Claim: Photos show an alligator swimming across a lake with a deer clutched in its jaws.
Example:[Collected on the Internet, 2004]
Water Skiing on Cross Lake
This was taken by a KTBS helicopter flying over Cross Lake! That has to be a HUGE gator to have a whole deer in its mouth! What do you think? Are you ready to go skiing on Cross Lake?! If you ski at the west end of the lake — try not to fall.
(For those of you who are not local, Cross Lake is in Shreveport, La. 30-40 miles from Marshall)
Origins: I really didn't care for venison the few times I tried it, but the gator in this picture appears to like it just fine.
These photographs of an alligator swimming across a lake with a deer clutched in its jaws circulated on the Internet in mid-2004, accompanied by several different versions of text crediting them to different sources:
A photographer flying over Cross Lake (or Lake Conroe) in a news helicopter belonging to TV station KTBS of Shreveport, Louisiana.
An "Alabama Forest Service guy on daily fire patrol" at Lake Martin, Alabama.
An employee of the Texas Forestry Commission took the photograph while flying in a helicopter with the South Carolina Forestry Commission.
A worker at the Kennedy Space Center in Florida.
The first explanation was out, as KTBS said they haven't had a newscopter since their chopper crashed in 1990, and Leslie Johnson with the Louisiana Department of Wildlife and Fisheries noted that the vegetation was all wrong and the water too clear to be Cross Lake. And officials with the Alabama Forestry Commission disclaimed the Lake Martin explanation:
Although the caption indicates that the alligator is in Lake Martin, officials at the Alabama Forestry Commission said that's not true.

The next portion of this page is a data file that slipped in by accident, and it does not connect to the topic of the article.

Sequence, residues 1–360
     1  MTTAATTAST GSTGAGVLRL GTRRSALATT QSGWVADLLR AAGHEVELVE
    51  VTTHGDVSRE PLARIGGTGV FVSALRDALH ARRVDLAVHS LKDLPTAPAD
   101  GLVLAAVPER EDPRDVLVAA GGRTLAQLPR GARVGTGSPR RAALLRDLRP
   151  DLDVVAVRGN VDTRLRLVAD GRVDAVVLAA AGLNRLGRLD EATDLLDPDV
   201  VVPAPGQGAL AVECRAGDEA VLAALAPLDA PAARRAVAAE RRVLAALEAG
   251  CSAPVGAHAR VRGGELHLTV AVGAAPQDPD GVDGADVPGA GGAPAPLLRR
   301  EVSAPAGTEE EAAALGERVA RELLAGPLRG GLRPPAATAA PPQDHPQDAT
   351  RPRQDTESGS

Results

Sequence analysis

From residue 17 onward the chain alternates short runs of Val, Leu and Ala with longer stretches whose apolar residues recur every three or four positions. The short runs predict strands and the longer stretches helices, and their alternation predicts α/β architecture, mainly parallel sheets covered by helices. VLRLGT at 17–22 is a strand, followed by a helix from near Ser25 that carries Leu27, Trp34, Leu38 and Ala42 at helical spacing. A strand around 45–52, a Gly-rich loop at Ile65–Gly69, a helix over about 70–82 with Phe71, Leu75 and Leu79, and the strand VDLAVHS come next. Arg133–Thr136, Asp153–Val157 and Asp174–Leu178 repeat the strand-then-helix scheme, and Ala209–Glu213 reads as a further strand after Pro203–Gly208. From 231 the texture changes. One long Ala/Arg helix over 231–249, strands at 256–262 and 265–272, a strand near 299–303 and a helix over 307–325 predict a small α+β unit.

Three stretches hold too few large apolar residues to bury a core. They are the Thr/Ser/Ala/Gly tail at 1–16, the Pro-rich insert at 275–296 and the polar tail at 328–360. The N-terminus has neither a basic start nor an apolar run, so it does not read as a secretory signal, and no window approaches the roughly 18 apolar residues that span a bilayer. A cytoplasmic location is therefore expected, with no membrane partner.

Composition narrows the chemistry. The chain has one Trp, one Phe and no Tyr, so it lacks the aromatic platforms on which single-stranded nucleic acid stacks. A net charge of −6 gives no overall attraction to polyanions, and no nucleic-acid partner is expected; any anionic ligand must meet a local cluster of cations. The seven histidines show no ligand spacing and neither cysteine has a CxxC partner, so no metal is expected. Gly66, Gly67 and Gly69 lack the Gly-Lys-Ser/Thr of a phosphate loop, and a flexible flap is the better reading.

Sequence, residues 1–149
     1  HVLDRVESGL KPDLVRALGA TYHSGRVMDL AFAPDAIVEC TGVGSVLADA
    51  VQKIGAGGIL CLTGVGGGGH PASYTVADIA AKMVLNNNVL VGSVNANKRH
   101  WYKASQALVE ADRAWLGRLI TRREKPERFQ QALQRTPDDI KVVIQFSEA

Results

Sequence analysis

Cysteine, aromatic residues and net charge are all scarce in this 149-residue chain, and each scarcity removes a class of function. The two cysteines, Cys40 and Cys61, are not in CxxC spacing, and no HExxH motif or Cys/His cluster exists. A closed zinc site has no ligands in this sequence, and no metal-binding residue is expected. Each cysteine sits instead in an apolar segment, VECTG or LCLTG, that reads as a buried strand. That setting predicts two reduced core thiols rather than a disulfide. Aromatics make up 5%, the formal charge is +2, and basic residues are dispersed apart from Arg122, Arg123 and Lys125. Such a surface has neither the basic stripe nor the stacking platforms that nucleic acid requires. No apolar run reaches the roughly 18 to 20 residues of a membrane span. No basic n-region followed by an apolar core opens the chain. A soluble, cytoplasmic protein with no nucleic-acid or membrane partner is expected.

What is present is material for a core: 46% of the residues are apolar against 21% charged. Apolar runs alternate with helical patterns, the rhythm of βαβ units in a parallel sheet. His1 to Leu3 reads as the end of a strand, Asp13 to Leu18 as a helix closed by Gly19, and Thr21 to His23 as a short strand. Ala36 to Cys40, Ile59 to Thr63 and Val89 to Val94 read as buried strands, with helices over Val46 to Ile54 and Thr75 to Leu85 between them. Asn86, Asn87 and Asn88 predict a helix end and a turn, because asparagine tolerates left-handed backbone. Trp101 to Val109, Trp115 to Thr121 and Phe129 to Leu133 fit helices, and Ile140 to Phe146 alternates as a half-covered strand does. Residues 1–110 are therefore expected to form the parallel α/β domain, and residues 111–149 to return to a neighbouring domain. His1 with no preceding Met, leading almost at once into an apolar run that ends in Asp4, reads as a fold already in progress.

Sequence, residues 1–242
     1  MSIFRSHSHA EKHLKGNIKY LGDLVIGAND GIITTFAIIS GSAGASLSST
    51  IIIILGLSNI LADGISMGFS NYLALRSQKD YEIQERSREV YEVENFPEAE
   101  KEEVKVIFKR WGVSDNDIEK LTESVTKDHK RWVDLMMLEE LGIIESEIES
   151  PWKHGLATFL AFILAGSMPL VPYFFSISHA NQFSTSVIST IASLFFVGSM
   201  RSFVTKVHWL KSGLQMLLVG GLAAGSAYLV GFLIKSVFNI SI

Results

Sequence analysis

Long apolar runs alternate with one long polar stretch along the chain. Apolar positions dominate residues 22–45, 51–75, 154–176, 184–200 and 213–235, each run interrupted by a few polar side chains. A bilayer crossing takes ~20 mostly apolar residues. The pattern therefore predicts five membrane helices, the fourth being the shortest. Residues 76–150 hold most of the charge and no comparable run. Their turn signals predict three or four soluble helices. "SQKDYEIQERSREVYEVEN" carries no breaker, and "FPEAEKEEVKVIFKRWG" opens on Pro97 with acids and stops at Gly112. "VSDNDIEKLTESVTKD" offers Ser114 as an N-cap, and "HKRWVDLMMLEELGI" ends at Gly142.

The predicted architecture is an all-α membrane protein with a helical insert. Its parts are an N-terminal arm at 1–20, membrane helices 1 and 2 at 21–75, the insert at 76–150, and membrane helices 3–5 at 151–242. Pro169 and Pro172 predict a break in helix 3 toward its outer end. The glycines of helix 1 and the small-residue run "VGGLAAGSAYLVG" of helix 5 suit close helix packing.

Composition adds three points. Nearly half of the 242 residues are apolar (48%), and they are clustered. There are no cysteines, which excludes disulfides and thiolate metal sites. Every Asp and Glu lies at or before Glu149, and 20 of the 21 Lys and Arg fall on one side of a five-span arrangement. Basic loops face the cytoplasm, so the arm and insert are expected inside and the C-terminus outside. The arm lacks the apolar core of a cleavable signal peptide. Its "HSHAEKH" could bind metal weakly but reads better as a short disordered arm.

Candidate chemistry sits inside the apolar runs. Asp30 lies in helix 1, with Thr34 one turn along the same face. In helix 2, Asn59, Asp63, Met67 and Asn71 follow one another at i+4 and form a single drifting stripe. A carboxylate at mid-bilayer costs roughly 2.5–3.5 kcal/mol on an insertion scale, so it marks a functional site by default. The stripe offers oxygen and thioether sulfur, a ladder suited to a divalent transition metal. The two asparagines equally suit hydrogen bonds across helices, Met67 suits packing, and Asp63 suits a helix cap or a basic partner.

"It's a legitimate photo, but it wasn't taken on Lake Martin," said Regina Miller, assistant to the state forestry commissioner. "It was taken in South Carolina, and I suppose someone thought it would be more interesting here if it was on Lake Martin, Alabama."
Jim Spradley, the pilot for the Tallapoosa County office of the state's forestry commission, said he too received the e-mail, but he was never fooled by the photo.
"I've got that e-mail myself, and as far as I know, I'm the only one who flies Lake Martin," he said. "I didn't take it."
In August 2004, the U.S. Fish & Wildlife Service (USFWS) finally cleared up the issue by issuing a press release identifying the photographs as having been taken in south Georgia (near the Georgia/South Carolina border) by a USFWS officer in March 2004:
The sight of a 12 to 14 foot-long alligator is something south Georgia folks see occasionally, but few have seen one take an adult deer out to lunch. Actually — for lunch.
The photographs of this deer-eating alligator were taken from the air by Terri Jenkins, a U.S. Fish and Wildlife Service District Fire Management Officer. She was preparing to ignite a prescribed fire at Harris Neck National Wildlife Refuge, about 40 miles south of Savannah, Georgia, on March 4, 2004.
"One advantage of fire work is you get to see that 12-14 footers are common from Santee National Wildlife Refuge in South Carolina to Coastal South Carolina to Georgia’s coast," said Jenkins. "It looks like the alligator population is doing extremely well."
This one was at least 12-13 feet long. Jenkins said that some bull alligators have a 35 inch girth.